January 21, 2016 by Ville Raivio
Vr: Your age and occupation?
TP: I’m 45. I am a faculty member at a major research university in the US working on the mind and brain from a theoretical perspective.
Vr: Your educational background?
TP: I studied chemistry and biology as an undergraduate, and have a master’s degree and PhD from the University of California, Berkeley.
VR: Have you any children or spouse (and how do they relate to your clothing enthusiasm)?
TP: My family largely tolerates my interest. My wife generally likes that I am well dressed, but she probably thinks I own too many things and obsess about it. My two kids range from being positive (the youngest) to alarm and embarrassment (the teenager).
VR :…and your parents and siblings’ reactions back when you were younger?
TP: I grew up in an evangelical household, so a conservative one. Back in the 80s I aspired to what I suppose now might be called goth: lots of black, Doc Martens, and hair you wouldn’t want to expose to open flames. You can imagine my parent’s reaction. Tailored clothing was something I found much later in life. I’m sure my parents like that aspect of me better now. My younger brother shares some of the same interests though more focused on shoes. He’s recently discovered Vass, but then again, he doesn’t have kids.
VR: What other hobbies or passions do you have besides classic apparel?
TP: I’m a parent!
I try to play classical piano seriously though work and economics have made it difficult to take lessons which I think is essential to keep up one’s technique. I’m also quite fond of traveling, and we’ve lived in Berlin on and off for the past five years, and traveled around Europe quite a bit. There’s just so little time to do as much as one wants.
VR: How did you first become interested in style, and when did you turn your eyes towards the classics? Why these instead of fashion?
TP: My interest was born about four years ago from a practical problem that many Western faculty members face as university education becomes more like a service industry: How to maintain formality in a informal world?
I mean “formality” as a value, a sense of seriousness and decorum. Formality has an important place in life and certainly in academia. Its loss hinders education.
Here’s an egregious example of what I mean by “the loss of formality”: student emails. I’ve had one too many emails that began with “Hey [first name]” or at one point “Dude, where’s the final?” All propriety had gone to hell—though when tuition is $50,000 a year at many US private universities, that changes how people act.
I won’t expand on why I think this is a problem (hopefully it’s obvious). But how do you respond? I toyed with the idea of going “John Houseman” on my students (from the movie, The Paper Chase), addressing students as “Mr. X” or “Ms. Y” to reintroduce the formality of the student-teacher relation, but that just didn’t feel natural.
Well, then, at least I could look like a proper professor. In that context, “classic menswear” seemed like the right direction. My Styleforum moniker, “Tweedyprof”, when I joined in 2012 was tongue in cheek since I wasn’t that tweedy. It signaled an aspiration.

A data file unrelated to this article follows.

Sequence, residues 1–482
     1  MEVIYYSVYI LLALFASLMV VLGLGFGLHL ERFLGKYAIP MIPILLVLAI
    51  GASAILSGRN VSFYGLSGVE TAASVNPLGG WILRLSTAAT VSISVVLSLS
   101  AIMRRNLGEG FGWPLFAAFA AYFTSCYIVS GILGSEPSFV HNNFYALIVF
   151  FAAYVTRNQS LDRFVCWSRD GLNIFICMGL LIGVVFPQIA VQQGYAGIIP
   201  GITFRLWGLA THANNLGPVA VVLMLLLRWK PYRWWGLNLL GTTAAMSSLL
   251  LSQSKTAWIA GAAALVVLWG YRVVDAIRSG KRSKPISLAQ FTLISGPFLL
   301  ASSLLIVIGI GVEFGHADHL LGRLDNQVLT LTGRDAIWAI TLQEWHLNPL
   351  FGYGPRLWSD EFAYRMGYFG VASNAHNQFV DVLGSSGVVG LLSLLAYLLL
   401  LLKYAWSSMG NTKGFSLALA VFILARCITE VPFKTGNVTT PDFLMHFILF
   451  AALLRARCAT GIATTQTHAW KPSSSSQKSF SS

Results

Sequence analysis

For me “fashion,” as I’m understanding it (what’s seen on the runway) would not achieve the effect I wanted, to reinforce the seriousness of education, of the classroom context, of having a professor as mentor and not a potential drinking buddy. That said, I do admire those who have a great fashion sense.
VR: How have you gathered your knowledge of the tailored look — from books, talks with salesmen or somewhere else?
TP: The beauty of a coat and tie is that it is both liberating and principled. Liberating in its uniformity (It’s a uniform!). But it’s constrained and organized by articulable principles and that’s what I enjoy about proper dress. You have to learn these principles, but once you do, a lot of freedom opens up.
Learning the basic principles isn’t hard. It isn’t rocket science. But it does require an eye for detail, a willingness to think a bit, and good mentors. I tried reading a few books but they didn’t do so much for me and I don’t think I ever finished one. I’ve never read Flusser’s Dressing the Man, what everyone suggests as a starting place. I’m sure it’s useful.
I learned a lot initially from Put this On, but most of what I’ve learned has been through interactions at Styleforum and I think when you are starting out in the English speaking world, it is a great resource. For me, it began with lurking, then posting a few pictures of a MTM shirt and MTM jacket I had done, getting some initial feedback that helped me learn where to look and what to look for. After that, really just following certain threads and observing “fits” from certain members, how they put together a look.
Lots of people influenced me and I can’t name them all so I hope I will be forgiven for omitting many teachers and Forum friends. I have to say, I was and continue to be greatly inspired by the Scandinavian contingent who consistently hit the highs (e.g. members EFV and Pingson, another academic who posts no more, alas, but can be found on Tumblr).